In fact, a front page editorial in the second edition of the paper gives us the general impression that while The Buffalo Examiner may be a brand new paper, behind the curtain it’s the same old Natalie playing the all too familiar role of stage mom from hell. The editorial begins:

“For the last eight years, every time the subject of newspapers in Buffalo arose, someone waxed nostalgic about the old Courier Express, or said something about how they used to get the News, or that the News is just too conservative, or just too liberal, or just too comfortable in our one newspaper town.”

Monopoly Dailies, The Alternative Press, and Fox News

There are important differences between newspapers and magazines, just as there are important differences between dailies and weeklies. The tabloidization of the news media has pushed everything further in the direction of a magazine format. If a style of writing or graphic layout arises that is popular and helps sell the product, it is appropriated by the major dailies.

Ms. Green seems incapable of grasping this fact because the first person, editorial-as -news style utilized in the alternative papers over the last twenty to thirty years is so completely ingrained in her style that she appears to be unaware that she is even employing it. Consider the first words of her essay, “For the last eight years…”

Of course, people in Buffalo have been waxing nostalgic for the Courier Express before its doors were even closed. It’s just a guess but the last eight years Ms. Green refers to seems to coincide with her career as a writer in alternative papers in Buffalo. She then employs a favorite technique of Fox News by using the mysterious attribution of “someone” in a bizarre context: “someone waxed nostalgic…” What’s wrong with saying “friends”, or even “the majority of people I talked to…?” After all, this is just an editorial essay.

The movie “Outfoxed,” demonstrates the creeping takeover over of tabloid attribution style by showing Fox news personalities using the phrase, “Some people say…,” as a tool to promote an editorial viewpoint in what is supposedly “a fair and balanced” news segment. Apparently the generic “someone” attribute is acceptable to Green in lieu of an actual man in the street story. As formulaic as the man in the street story is, it’s still a lot more interesting than “someone said” or in this case, “someone waxed nostalgic.” Who the hell is this someone and why should I care about their nostalgia?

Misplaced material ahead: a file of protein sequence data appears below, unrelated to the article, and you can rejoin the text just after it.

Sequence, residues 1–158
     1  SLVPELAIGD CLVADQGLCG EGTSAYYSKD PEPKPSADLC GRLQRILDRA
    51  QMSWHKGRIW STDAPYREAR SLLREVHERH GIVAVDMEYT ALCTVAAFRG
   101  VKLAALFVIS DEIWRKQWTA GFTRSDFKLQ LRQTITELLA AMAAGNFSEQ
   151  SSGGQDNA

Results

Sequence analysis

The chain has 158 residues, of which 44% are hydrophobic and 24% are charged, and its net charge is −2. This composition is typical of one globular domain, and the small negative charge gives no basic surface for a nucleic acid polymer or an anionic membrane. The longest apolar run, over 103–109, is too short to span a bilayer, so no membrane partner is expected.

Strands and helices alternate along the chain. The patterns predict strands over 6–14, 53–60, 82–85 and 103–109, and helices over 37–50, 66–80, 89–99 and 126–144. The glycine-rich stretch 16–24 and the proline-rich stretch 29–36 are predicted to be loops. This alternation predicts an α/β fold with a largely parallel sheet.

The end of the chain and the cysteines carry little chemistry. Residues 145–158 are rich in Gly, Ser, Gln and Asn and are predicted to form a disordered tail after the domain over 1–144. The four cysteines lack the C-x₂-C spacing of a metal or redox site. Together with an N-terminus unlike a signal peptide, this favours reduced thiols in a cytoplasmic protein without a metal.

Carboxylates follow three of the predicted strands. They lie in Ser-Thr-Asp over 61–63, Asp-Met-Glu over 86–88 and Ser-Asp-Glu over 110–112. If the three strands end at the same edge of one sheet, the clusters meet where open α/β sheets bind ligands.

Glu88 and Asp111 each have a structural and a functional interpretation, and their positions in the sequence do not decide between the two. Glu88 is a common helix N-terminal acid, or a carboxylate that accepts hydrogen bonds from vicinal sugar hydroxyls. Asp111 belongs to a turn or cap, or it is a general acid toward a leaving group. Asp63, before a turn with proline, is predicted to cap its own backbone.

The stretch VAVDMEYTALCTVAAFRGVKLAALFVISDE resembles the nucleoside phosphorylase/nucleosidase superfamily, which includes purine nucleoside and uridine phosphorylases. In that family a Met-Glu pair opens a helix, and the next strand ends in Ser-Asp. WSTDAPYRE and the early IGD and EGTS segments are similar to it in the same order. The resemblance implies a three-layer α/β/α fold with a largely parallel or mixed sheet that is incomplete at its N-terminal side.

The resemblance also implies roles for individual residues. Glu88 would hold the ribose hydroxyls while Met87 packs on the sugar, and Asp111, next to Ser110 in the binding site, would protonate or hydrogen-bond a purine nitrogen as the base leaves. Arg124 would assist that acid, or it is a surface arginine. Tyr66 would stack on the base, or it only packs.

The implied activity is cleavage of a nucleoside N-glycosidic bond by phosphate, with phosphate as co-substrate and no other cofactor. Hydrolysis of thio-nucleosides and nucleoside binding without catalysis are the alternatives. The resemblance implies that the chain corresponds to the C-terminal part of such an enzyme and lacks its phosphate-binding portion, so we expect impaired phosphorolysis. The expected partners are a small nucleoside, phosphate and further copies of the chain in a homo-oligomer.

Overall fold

In all fairness to The Buffalo News, it seems that most people complain about a perceived bias because they don’t read. When we say that Buffalo is a one newspaper town, we mean that it is the only daily. This has created a cottage industry of critics in which the Buffalo Examiner is only the latest entry. Declaring Buffalo a two newspaper town, as Green does with more than a little measure of self-aggrandizement, does not make it so.

Settling Old Scores Vs “Conservative” Feminism

The “How does it feel?” portion of the headline sounds like a quote from Dylan’s classic, “Like a Rolling Stone.” This falls under the heading of gratuitous classic rock reference, another hallmark of alternative press excess. Who is the person this come-uppance is directed at? The evidence points to Jamie Moses. Mr. Moses must be quaking in his motorcycle boots.

Mr. Moses has been accused of a lot of things, but to my recollection I’ve never heard him described as fat. However, his publication Artvoice was castigated in a Buffalo News article for running ads that were connected with a prostitution ring, as I recall. So while in the following passage, Ms. Green seems to speak in general terms of the state of the alternative press, it certainly seems to apply to Artvoice, specifically.

“…free alternative weeklies have grown fat and, well, a bit lazy, resting on their knee-jerk (Big L) Liberal values, and advertising for restaurants, plastic surgery, and prostitutes. The sex trade, whatever you think of it subsidizes a great deal of that independent journalism, which is unfortunate, since marketing prostitution isn’t a very solid ethical foundation for those calling for progress.”

The Buffalo Examiner is a publication that has, in its infancy, taken pro-feminist, pro-choice, pro-gay marriage editorial positions. How its publisher can pen a screed slamming “knee-jerk (Big L) Liberals” is a pretty amusing question. Who are these Big L Liberals? Apparently, the big L here doesn’t stand for lesbians. Maybe it refers to those limousine liberals we’re always hearing about on Fox News?

If you read carefully, however, you see that Ms. Green appears to have an issue with organized labor. Unions are as convenient a target as any in the finger-pointing aftermath of the 2004 election. In Green’s article on the Control Board, she takes issue with the Taylor Laws, stating that, “…these laws have everything to do with why it matters who we elected for State Senate and Assembly.”

She also depicts the control board as something heroic: “In comes a group of New York State Governor George Pataki’s friends and supporters, finally, to straighten out the wayward children who in this case are the city of Buffalo and its, ‘covered organizations.’”

“Finally,” indeed. Its about time Daddy Pataki came home with his pals and took us all over their collective knees. Can you get any more paternalistic and authoritarian than that, really? This is straight out of the playbook of The Buffalo News. Desperate times call for desperate measures. In her worldview unionized workers are greedy, lazy and in need of some good old-fashioned discipline. She never questions the specifics of the hostile, corporate takeover that the control board represents, never questions why two lifelong political flunkies like Masiello and Giambra have found a home on the control board, and never questions why some “covered organizations” (a term she uses with heavy-handed sarcasm) have been exempted from control board scrutiny, despite massive problems (i.e the Buffalo Sewer Authority).

Happy News, Advertising and Tony’s Cronies